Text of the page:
Tag Archives: a dark dark cave
Picture books are books with pictures, of course, which is what makes them so special. And sometimes those pictures take on something extra special in a story.
Sometimes the words wouldn’t make sense without the illustrations. Sometimes illustrations enrich the story or add another thread to follow. They can give us clues. They can contradict the text so readers have an inside track on what’s really going on. And they can reveal something essential that would be invisible in the text alone.
Here are some examples in which the visual is vital to the storytelling.
Lizard From The Park by Mark Pett is a wonderful example. See that boy with glasses in the bottom left on the subway? He’s a parallel to Leonard—he too has his own lizard. In the end, the two boys meet. But if you’ve been following the illustrations closely, you’ll be waiting for it.
Super Jumbo by Fred Koehler. This book hinges on the difference between text and images. Is Jumbo really as super as described?
A Dark, Dark Cave by Eric Hoffman, illustrated by Corey R. Tabor. You and the characters are in a dark, dark cave. Until an illustration reveals where you all really are—in your imagination. It’s a wonderful and surprising technique.
The Great Paper Caper by Oliver Jeffers. This one offers visual clues to the mystery of where the trees are disappearing to. Like that bear over there!
Mummy Cat by Marcus Ewert, illustrated by Lisa Brown. A mummified cat wakes up and reads a dark, devious history on the walls in this story in a story.
I Can See Just Fine by Eric Barclay. Another example of illustrations telling a contrasted tale from the text. Paige claims she can see just fine. But can she?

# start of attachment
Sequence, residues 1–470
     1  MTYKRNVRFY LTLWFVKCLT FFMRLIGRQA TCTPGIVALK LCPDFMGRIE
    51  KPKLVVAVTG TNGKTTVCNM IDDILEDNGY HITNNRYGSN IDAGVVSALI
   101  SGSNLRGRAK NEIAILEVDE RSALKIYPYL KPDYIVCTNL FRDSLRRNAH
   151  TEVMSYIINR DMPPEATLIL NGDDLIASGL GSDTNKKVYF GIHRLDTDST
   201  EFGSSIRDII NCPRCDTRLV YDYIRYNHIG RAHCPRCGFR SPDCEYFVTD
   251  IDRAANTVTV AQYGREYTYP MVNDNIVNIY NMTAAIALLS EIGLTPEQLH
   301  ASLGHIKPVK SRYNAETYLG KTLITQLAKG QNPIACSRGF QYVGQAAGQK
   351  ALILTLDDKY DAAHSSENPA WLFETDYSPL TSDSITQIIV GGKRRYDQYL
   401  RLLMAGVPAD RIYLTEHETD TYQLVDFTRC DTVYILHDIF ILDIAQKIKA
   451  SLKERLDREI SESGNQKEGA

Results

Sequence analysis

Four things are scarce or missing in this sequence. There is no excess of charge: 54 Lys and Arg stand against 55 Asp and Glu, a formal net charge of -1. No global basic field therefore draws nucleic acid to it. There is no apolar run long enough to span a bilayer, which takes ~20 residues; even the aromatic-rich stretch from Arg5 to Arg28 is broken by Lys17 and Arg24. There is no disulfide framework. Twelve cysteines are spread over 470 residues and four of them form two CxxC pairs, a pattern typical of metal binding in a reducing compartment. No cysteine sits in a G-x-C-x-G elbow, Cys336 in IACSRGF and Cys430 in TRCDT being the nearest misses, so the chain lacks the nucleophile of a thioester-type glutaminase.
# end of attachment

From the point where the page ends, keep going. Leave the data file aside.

Happy Birthday Madame Chapeau by Andrea Beaty and David Roberts. There is an adorable girl you might not notice the first time around, but she has the most important supporting role. She makes the whole thing sing (“Happy Birthday”).
The Whisper by Pamela Zagarenski is about visual stories. So that fox may never get a mention, but he is integral nonetheless.
Have You Seen My New Blue Socks? by Eve Bunting and Sergio Ruzzier asks a question and it answers it. And you might too if you are very very observant.
Night Animals by Giana Marino. Just follow the possum. It will tell you everything you need to know just by its eyes.
Sam & Dave Dig a Hole by Mac Barnett, illustrated by Jon Klassen. A gem of an example in which we (and the dog!) know more than the characters. (Thanks to Heather for bringing this one up in a previous post comment!)
Be a Friend by Salina Yoon. The girl on the swing is someone to keep an eye on. I love how she subtly mirrors Dennis in earlier illustrations before she mirrors him for real.
It’s Only Stanley by Jon Agee. The visuals are fun throughout here, but it’s the ending that they truly earn. You’ll see. It’s out of this world.
No Such Thing by Ella Bailey shows the reader stuff the main character can’t see. And I love that!
The Truth About My Unbelievable Summer by Davide Cali and Benjamin Chaud. Keep your eye on the teacher. She just might show up as an integral part of this wild adventure.
A Hungry Lion by Lucy Ruth Cummins. This book is full of surprises, but there’s a visual clue as to the ending. Let’s just say, it’s hiding in plain sight.
Shout outs to other picture books with indispensable illustrations : Blown Away (the stowaway), Stick and Stone (origin stories on the endpapers), Nothing Ever Happens on My Block (oh but it does!), and There’s No Such Thing as Ghosts.
And also to the two I mentioned in a post last year on the power of visuals to tell the story.
Okay, what examples would you like to add to this list?